With a good understanding of China, Japan and the United States, I came to believe that the twenty-first century could be a Pacific Century. The Pacific Century can benefit China, America, Japan, a yet-to-be-unified Korea, and Southeast Asian countries. However, we are only at the dawn of the Pacific Century. For things to work out, the Sino-American relationship has to be improved. At the crux of the relationship is the Taiwan problem. The Chinese and Americans must come up with a constructive solution to the Taiwan problem. However, the present situation is not optimistic. China has already surpassed the United States to become Japan’s largest trading partner. However, China is uneasy about Japan. As a ritual, Japanese Prime Minister Junichiro Koizumi pays annual visits to the Yasukuni Shrine, where Japan’s past wars are glorified. A new Japanese defence review identified China as a threat. Its Self-Defence Forces outlined three scenarios of a potential Chinese invasion and are making preparations accordingly. Moreover, America’s military is closely coordinating with Japan, redeploying its troops and strengthening its command and combat capabilities near Taiwan. More specifically, with the latest statement over Taiwan, the US and Japan are poised to use their joint military forces to deter, deny and ultimately defeat potential Chinese military action across the Taiwan Strait.


Let me turn to two well-known Americans for their sage advice. In his book, Blowback: The Costs and Consequences of American Empire (2000), Professor Chalmers Johnson, author of the classic, MITI and the Japanese Miracle: The Growth of Industrial Policy, 1925 – 1975, wrote:


China owes no obeisance to the United States. From 1950 to 1953, at great cost to itself, it fought the American military to a stalemate in Korea. A new policy of containment toward China once again implies the possibility of war, just as it did during the Cold War vis-à-vis the former USSR. The balance of nuclear weapons prevented that war, but this may not work in the case of China, where great asymmetries in manpower between China and any single external power or alliance will always exist. China has the capacity to deter an American use of nuclear weapons by threatening retaliation against U.S. cities. There is also a much firmer foundation for a Chinese government’s resistance to external threats in Chinese nationalism than there was at the time of the British, French, or Japanese depredations over the past 150 years. Many Americans do not evaluate Chinese nationalism correctly, thinking it is whipped up by Communist Party propaganda to suit its purposes. But like American nationalism after Pearl Harbor, it is actually rooted in concrete historical experiences of victimization, including Japan’s attempt to establish a protectorate over China in 1915, its creation of a puppet regime in Manchuria in 1931, and its invasion of the whole country in 1937. The Chinese pose no threat to the territory of the United States, but the Americans (and the Japanese) have done so in the past and conceivably still could directly threaten China. A war with China would almost certainly bankrupt the United States, radicalize China, and tear Japan apart.2


He gave the following sobering comment:


The question is whether the United States can adjust to the emergence of a new great power in Asia. Will it deal more effectively and less bloodily with China than, say, the former hegemon Great Britain did in the early twentieth century, when it failed to adjust to the emergence of new centers of power in Germany, Japan, and Russia? The current trend of events is not promising.3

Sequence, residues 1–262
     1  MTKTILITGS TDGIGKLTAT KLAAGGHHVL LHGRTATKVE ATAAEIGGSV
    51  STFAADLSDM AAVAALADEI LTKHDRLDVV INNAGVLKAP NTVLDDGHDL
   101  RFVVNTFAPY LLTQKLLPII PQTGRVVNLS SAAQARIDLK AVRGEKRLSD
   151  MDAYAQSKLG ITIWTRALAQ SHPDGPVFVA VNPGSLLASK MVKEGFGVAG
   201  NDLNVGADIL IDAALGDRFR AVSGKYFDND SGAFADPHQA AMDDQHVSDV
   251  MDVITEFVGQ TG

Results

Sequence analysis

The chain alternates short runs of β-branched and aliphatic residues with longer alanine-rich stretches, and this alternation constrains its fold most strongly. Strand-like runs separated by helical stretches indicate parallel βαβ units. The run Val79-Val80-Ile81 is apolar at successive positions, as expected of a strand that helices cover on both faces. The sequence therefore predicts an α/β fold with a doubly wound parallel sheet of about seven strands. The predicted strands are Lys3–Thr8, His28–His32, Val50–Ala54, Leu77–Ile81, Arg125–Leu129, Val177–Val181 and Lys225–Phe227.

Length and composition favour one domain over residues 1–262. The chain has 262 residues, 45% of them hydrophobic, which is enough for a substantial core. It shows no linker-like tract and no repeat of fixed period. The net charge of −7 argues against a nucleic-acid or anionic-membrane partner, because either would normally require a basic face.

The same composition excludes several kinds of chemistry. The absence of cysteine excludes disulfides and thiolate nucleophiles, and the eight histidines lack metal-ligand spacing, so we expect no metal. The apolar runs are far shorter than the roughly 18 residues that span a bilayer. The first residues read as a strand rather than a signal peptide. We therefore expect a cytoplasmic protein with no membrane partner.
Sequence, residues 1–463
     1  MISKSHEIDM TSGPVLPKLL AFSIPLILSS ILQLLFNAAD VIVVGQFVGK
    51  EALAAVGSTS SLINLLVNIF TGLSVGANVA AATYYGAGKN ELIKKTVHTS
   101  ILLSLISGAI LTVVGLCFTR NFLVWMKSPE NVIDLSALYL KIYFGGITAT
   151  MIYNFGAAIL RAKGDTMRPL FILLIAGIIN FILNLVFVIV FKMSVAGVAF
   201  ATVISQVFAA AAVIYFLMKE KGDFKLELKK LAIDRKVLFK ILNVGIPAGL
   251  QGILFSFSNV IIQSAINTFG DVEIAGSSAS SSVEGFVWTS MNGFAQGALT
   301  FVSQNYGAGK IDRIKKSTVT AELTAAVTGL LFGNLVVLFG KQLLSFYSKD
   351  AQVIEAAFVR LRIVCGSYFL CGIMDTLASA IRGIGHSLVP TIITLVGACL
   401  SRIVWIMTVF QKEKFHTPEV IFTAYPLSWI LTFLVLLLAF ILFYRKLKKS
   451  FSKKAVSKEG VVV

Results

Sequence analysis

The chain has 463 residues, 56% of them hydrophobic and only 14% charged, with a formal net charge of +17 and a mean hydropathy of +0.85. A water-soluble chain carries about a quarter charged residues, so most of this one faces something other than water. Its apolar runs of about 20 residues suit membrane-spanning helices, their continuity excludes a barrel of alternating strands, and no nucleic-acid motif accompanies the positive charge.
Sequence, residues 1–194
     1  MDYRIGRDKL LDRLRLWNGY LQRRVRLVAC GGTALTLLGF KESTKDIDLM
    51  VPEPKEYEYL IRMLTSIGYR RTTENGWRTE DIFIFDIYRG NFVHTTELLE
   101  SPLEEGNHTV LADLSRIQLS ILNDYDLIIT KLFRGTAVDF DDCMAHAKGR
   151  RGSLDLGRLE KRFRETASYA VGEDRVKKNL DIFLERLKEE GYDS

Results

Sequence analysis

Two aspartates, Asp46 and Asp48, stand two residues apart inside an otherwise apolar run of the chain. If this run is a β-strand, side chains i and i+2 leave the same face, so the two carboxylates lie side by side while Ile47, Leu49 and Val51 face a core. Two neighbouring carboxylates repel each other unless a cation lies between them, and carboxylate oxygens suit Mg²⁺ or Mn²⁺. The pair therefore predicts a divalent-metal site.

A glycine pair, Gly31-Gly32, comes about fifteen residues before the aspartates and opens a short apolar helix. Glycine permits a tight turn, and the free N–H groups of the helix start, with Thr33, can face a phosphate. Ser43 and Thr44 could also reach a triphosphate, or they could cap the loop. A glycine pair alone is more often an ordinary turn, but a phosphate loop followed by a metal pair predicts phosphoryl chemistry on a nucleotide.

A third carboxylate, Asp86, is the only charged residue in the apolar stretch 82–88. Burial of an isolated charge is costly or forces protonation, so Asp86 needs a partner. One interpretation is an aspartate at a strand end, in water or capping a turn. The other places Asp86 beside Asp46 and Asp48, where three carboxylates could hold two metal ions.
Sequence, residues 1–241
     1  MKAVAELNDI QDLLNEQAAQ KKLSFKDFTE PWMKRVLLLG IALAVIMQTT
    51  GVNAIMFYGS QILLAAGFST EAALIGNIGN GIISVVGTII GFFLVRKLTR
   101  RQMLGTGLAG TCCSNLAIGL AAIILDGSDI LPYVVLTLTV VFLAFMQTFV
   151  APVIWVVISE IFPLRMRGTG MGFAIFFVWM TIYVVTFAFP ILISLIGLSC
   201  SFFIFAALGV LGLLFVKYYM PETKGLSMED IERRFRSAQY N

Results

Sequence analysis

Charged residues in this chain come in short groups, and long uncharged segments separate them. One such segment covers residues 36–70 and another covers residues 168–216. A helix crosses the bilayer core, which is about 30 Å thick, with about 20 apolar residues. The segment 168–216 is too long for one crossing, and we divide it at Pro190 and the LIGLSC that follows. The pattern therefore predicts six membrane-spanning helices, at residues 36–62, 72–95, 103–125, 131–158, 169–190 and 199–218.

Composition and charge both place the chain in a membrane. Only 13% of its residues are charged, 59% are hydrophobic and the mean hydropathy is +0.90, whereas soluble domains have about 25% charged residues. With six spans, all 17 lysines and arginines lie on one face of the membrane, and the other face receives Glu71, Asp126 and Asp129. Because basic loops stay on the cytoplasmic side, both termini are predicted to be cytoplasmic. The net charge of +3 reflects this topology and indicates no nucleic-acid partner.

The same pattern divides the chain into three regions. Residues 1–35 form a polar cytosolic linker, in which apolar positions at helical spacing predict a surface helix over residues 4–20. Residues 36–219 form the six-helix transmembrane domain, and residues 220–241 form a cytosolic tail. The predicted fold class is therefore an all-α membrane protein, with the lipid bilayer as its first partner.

In his book, Does America Need a Foreign Policy? Toward a Diplomacy for the 21st Century, Henry Kissinger wrote:


Taiwan had become a deeply symbolic issue for many Americans. It was the inheritor of the legacy of goodwill acquired by the Nationalists for their staunch resistance to Japanese imperialism in the Second World War. And it became a symbol for the so-called China lobby, which was outraged by the Communist victory in the Chinese civil war and was determined to prevent its culmination in the takeover of Taiwan. Many – including those of us who engineered the opening to China – had great sympathy for the effort of the Chinese on Taiwan to create a meaningful and democratic basis for an autonomous existence. A wide consensus has always existed in the United States opposed to the forcible return of Taiwan to China.


But the issue is also profoundly symbolic for Beijing. Taiwan was where the dismemberment of China started – the first province to be annexed by colonialists. Its unification with the mainland is considered even by Chinese who do not share the views of the governing party as a “scared national obligation” which can be deferred for practical or tactical reasons but never abandoned.4


Most great statesmen were less distinguished by their detailed knowledge (though a certain minimum is indispensable) than by their instinctive grasp of historical currents, by an ability to discern amidst the myriad of impressions that impinge on consciousness those most likely to shape the future. This caused that ultimate “realist” Otto von Bismarck, who engineered the unification of Germany in the Nineteenth Century, to sum up his vision of statesmanship in a reverential statement:


The best a statesman can do is to listen to the footsteps of God, get hold of the helm of his cloak, and walk with him a few steps of the way5.


Chinese reunification is inevitable. Any attempt to halt it will be futile. Were Taiwan to achieve formal American recognition of a separate status, as some of its spokesmen and supporters now seem to seek, this would risk a military confrontation and guarantee a political crisis that would divide Asia and turn Taiwan’s role in the resulting tensions into a global issue.